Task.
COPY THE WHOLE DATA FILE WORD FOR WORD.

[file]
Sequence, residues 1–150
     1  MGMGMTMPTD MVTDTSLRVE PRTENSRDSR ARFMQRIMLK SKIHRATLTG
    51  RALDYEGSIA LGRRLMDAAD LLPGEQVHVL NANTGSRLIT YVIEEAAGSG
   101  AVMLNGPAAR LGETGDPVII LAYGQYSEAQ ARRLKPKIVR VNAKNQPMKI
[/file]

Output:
Sequence, residues 1–150
     1  MGMGMTMPTD MVTDTSLRVE PRTENSRDSR ARFMQRIMLK SKIHRATLTG
    51  RALDYEGSIA LGRRLMDAAD LLPGEQVHVL NANTGSRLIT YVIEEAAGSG
   101  AVMLNGPAAR LGETGDPVII LAYGQYSEAQ ARRLKPKIVR VNAKNQPMKI